I would suggest in the self-editing phase to allow as much time as can be permitted between the draft and final review and touch-up and submittal. (These days of instant communication and short editing windows in online forums such as this one are a bane to careful writers. It's paradoxical that we have the means to write so quickly, edit so neatly and save text by the gigabyte ... but we only have a few minutes after posting to go back and make a necessary final edit, if we have that at all.) Sometimes I'll spend a good part of a day on an important email, writing and tweaking it just-so in the morning, reviewing it again after lunch for a final edit, and send. Then I regret it the next day when I finally see the typos, misspellings, subject-verb disagreements and other errors that I left in. Fortunately, I suppose, no one even reads my long, careful, technical emails ... Wait, what?

As for "getting the right word at the right time", Mark Twain is my go-to for an apposite quote in that regard: "The difference between the right word and the wrong one is the difference between the lightning and the lightning-bug."

I would add to the good advice above to REALLY read the work, every single word. I can't even count how many times, even on this site devoted to writers and the craft of writing, I've cringed at the use of "breath" for "breathe", "reign" for "rein", "toe-headed" (yes, even that) instead of "tow-headed" and the like, not to mention the ubiquitous their / there / they're, whose / who's, your / you're errors that most spelling programs (and some grammar programs) allow to get bye and buy.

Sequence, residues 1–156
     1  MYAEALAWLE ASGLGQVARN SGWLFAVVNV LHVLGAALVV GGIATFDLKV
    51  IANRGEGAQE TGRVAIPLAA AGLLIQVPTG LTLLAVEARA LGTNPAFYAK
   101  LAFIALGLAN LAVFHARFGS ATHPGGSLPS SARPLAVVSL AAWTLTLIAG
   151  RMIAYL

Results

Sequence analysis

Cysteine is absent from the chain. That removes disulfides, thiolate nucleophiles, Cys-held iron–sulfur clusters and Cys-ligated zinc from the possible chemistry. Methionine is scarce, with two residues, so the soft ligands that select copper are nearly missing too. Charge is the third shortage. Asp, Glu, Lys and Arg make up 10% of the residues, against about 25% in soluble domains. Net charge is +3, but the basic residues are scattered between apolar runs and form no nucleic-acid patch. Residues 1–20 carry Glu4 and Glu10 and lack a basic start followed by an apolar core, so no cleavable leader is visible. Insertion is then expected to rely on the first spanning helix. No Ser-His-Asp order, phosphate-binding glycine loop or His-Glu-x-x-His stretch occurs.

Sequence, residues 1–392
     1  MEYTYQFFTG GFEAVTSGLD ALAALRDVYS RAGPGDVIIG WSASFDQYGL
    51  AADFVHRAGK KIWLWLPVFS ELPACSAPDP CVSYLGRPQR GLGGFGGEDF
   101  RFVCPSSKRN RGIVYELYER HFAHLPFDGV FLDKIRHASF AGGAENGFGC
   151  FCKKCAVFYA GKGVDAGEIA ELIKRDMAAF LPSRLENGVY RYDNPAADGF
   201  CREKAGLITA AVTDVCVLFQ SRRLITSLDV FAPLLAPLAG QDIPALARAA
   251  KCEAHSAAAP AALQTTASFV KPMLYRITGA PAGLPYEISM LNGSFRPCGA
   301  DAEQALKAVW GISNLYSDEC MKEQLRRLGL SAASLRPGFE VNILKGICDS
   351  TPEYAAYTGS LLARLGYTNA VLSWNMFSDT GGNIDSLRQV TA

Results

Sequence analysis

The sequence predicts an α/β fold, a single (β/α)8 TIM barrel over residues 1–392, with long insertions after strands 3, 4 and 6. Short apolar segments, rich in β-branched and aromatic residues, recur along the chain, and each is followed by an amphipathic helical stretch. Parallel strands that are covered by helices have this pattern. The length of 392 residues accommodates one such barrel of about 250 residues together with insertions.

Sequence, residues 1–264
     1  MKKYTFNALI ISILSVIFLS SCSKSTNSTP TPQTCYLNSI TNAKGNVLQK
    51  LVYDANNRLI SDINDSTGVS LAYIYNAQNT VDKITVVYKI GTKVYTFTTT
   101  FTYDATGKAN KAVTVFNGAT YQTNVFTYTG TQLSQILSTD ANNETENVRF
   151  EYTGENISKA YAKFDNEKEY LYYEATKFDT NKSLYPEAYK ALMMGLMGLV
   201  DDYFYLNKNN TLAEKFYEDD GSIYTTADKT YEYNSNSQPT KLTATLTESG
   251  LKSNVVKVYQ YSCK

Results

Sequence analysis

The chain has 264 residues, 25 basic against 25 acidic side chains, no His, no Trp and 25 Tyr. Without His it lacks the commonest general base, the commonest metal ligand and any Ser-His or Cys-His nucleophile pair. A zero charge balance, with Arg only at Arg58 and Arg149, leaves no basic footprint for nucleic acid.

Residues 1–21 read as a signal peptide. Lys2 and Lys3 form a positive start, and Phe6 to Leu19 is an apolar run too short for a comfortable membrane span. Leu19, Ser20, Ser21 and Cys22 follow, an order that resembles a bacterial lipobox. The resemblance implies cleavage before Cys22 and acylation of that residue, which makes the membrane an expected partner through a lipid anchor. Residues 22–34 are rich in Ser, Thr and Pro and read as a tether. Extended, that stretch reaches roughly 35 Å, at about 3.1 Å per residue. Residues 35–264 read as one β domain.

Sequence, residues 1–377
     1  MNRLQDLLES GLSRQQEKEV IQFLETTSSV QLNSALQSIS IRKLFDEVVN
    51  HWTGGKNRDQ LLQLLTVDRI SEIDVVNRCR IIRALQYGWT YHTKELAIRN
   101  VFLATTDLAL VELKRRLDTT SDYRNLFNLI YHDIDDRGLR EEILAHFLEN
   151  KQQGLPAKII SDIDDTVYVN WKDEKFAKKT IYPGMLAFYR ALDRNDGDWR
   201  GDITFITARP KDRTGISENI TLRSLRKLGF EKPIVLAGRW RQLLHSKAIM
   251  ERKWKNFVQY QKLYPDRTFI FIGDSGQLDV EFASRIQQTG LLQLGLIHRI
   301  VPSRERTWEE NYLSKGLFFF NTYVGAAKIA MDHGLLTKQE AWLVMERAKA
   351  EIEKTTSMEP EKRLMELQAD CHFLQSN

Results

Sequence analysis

To the quote about "hell is other people" I would add sometimes "hell is other people's writing ... and one's own, after the edit window has closed".

There are some elements of Steven's post that I don't understand, though, and that is the purpose of this particular sentence.
Andymather 2 May at 07:53  
Hi Cwotus,

This is the main reason I paid for a premium gold membership. It allows me to edit my stories while they are up for review. I can make corrections after each critique, so the next reader is spared my embarrassing errors.

Never utilize "utilize" when you can utilize "use".

Glitterpen 8 May at 06:09  
Great blog!
Kattheaxe 18 Jun at 18:13  
This all makes sense... do you think that there are different levels of editing, as well? I spent a while trying to edit a novel at one point, and I ended up developing a 4 step system. I would go through a passage and look for any major changes I felt were needed (i.e. removing a chapter), then editing on a paragraph level, removing blocks of text, writing new paragraphs, or shifting them around. Only then would I go back for the third step of tweaking sentences and words. Lastly I would proofread. I figured minutely editing a paragraph was a waste if good composition demanded it be thrown away entirely. Has anyone else developed a system like this?